December 6, 2018 | By Robare & Jones
U.S. economic data released last week shows inflation stagnating and consumer spending at the highest level it’s been in seven months. PCE core inflation, the Fed’s preferred inflation measure, rose 1.8 percent. It was the lowest level since February and is below the Fed’s target of 2 percent. Consumer spending increased by 0.6 percent in October, while wages rose by 0.3 percent. Both data points suggest the consumer remains a source of strength in the U.S. economy.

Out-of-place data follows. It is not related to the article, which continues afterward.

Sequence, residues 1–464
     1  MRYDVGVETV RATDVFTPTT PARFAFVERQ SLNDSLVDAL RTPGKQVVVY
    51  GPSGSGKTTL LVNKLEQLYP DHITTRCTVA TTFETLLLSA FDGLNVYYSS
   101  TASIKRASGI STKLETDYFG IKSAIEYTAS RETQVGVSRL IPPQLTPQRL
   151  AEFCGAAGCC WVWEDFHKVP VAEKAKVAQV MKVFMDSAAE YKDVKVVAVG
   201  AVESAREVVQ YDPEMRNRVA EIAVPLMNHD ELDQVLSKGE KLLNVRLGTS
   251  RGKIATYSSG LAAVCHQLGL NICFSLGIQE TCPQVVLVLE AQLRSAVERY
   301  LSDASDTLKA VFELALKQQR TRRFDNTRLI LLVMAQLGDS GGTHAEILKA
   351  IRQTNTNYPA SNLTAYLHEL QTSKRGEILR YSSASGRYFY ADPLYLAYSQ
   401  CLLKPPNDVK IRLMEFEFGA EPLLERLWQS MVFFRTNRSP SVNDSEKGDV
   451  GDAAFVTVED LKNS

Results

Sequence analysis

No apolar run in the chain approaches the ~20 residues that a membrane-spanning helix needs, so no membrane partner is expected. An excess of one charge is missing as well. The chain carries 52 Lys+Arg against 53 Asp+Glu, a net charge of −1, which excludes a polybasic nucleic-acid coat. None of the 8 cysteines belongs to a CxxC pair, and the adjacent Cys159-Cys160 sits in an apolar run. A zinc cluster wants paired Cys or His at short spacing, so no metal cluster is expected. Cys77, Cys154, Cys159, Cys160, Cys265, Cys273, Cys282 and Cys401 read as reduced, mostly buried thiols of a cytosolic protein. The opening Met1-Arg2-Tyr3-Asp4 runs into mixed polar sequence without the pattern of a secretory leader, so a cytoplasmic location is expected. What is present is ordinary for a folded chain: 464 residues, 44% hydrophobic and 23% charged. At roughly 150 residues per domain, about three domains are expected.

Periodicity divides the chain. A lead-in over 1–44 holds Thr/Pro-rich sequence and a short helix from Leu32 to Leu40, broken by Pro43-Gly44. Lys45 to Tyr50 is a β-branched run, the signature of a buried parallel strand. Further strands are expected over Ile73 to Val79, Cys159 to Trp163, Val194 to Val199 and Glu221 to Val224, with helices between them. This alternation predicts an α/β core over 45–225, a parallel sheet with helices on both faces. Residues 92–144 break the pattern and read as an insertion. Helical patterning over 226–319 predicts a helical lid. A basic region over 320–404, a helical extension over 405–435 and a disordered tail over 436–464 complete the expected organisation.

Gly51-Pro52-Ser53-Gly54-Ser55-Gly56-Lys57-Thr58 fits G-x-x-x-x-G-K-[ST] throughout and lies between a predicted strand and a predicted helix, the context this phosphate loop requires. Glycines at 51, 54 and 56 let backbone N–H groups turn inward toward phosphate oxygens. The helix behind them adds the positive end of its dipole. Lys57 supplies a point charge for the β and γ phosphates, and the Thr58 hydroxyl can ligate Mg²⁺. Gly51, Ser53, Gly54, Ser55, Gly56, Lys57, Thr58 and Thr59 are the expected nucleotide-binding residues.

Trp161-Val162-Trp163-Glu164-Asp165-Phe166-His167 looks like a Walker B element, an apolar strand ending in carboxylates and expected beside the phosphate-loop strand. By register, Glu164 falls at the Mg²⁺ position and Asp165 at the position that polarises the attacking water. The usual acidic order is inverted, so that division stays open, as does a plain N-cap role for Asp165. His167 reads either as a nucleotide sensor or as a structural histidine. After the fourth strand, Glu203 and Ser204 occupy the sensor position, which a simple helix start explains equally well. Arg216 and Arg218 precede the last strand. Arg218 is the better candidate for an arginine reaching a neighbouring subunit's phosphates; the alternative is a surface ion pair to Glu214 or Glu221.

The lower inflation data reinforces other data indicating the economy is slowing. Investors worried the Fed would keep raising rates despite how low inflation has contributed to recent volatility. But, when the minutes from the Fed’s most recent meeting were released, the rate hike path for 2019 appeared less certain. While the minutes suggested the plan to raise rates in December is a foregone conclusion, the Fed indicated it would be more flexible and pay close attention to economic data and react accordingly. Fed Chair Jerome Powell stated interest rates were just below neutral, which is a level where interest rates neither speed nor slow economic growth. This soothed many investors’ concerns on whether interest rates would be raised too high and hurt economic growth.